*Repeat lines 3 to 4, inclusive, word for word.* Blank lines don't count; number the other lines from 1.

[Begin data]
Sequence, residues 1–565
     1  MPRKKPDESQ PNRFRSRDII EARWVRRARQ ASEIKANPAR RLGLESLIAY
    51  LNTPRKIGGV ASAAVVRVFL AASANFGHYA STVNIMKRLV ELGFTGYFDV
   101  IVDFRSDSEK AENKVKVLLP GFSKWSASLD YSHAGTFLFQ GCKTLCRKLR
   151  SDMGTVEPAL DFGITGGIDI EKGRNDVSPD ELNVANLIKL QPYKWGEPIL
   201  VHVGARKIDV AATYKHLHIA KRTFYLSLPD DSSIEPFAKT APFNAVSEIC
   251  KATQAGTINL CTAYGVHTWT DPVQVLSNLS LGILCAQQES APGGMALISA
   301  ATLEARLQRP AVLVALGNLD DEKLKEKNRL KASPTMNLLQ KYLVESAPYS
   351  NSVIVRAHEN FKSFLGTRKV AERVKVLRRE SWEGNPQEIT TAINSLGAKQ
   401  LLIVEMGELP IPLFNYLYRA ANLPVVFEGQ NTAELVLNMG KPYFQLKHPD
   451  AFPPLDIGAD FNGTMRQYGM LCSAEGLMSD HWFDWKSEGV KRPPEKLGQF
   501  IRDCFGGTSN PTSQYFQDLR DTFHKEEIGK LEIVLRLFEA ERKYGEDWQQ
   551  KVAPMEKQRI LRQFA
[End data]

    51  LNTPRKIGGV ASAAVVRVFL AASANFGHYA STVNIMKRLV ELGFTGYFDV
   101  IVDFRSDSEK AENKVKVLLP GFSKWSASLD YSHAGTFLFQ GCKTLCRKLR